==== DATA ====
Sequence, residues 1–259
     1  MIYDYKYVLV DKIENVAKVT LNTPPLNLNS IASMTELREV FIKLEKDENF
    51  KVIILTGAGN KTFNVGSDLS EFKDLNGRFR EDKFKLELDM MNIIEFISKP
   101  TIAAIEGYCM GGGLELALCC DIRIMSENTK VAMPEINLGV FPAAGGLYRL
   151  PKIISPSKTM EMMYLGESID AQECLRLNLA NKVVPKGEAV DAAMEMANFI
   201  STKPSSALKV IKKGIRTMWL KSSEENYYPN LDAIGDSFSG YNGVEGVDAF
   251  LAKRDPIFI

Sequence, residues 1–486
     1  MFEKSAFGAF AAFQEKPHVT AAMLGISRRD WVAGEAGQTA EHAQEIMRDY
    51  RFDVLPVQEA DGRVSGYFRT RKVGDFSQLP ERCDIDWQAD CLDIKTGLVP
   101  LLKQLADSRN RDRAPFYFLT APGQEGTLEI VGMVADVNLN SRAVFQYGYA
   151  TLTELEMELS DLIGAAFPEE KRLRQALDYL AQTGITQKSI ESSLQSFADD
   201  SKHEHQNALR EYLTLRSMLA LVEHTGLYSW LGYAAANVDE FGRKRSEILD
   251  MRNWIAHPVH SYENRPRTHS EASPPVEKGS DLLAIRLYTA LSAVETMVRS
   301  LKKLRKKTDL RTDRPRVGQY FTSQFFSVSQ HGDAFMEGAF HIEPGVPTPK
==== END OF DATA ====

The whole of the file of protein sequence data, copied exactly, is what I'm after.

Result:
Sequence, residues 1–259
     1  MIYDYKYVLV DKIENVAKVT LNTPPLNLNS IASMTELREV FIKLEKDENF
    51  KVIILTGAGN KTFNVGSDLS EFKDLNGRFR EDKFKLELDM MNIIEFISKP
   101  TIAAIEGYCM GGGLELALCC DIRIMSENTK VAMPEINLGV FPAAGGLYRL
   151  PKIISPSKTM EMMYLGESID AQECLRLNLA NKVVPKGEAV DAAMEMANFI
   201  STKPSSALKV IKKGIRTMWL KSSEENYYPN LDAIGDSFSG YNGVEGVDAF
   251  LAKRDPIFI

Sequence, residues 1–486
     1  MFEKSAFGAF AAFQEKPHVT AAMLGISRRD WVAGEAGQTA EHAQEIMRDY
    51  RFDVLPVQEA DGRVSGYFRT RKVGDFSQLP ERCDIDWQAD CLDIKTGLVP
   101  LLKQLADSRN RDRAPFYFLT APGQEGTLEI VGMVADVNLN SRAVFQYGYA
   151  TLTELEMELS DLIGAAFPEE KRLRQALDYL AQTGITQKSI ESSLQSFADD
   201  SKHEHQNALR EYLTLRSMLA LVEHTGLYSW LGYAAANVDE FGRKRSEILD
   251  MRNWIAHPVH SYENRPRTHS EASPPVEKGS DLLAIRLYTA LSAVETMVRS
   301  LKKLRKKTDL RTDRPRVGQY FTSQFFSVSQ HGDAFMEGAF HIEPGVPTPK